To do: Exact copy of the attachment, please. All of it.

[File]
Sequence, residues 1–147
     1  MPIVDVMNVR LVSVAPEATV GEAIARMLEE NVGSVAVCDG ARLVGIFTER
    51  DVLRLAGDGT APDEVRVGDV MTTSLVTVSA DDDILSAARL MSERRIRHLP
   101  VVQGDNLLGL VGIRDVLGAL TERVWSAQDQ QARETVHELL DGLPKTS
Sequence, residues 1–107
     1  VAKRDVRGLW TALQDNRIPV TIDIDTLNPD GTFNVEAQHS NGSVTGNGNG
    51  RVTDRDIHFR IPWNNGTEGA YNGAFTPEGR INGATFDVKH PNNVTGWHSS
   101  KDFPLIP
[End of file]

Sequence, residues 1–147
     1  MPIVDVMNVR LVSVAPEATV GEAIARMLEE NVGSVAVCDG ARLVGIFTER
    51  DVLRLAGDGT APDEVRVGDV MTTSLVTVSA DDDILSAARL MSERRIRHLP
   101  VVQGDNLLGL VGIRDVLGAL TERVWSAQDQ QARETVHELL DGLPKTS
Sequence, residues 1–107
     1  VAKRDVRGLW TALQDNRIPV TIDIDTLNPD GTFNVEAQHS NGSVTGNGNG
    51  RVTDRDIHFR IPWNNGTEGA YNGAFTPEGR INGATFDVKH PNNVTGWHSS
   101  KDFPLIP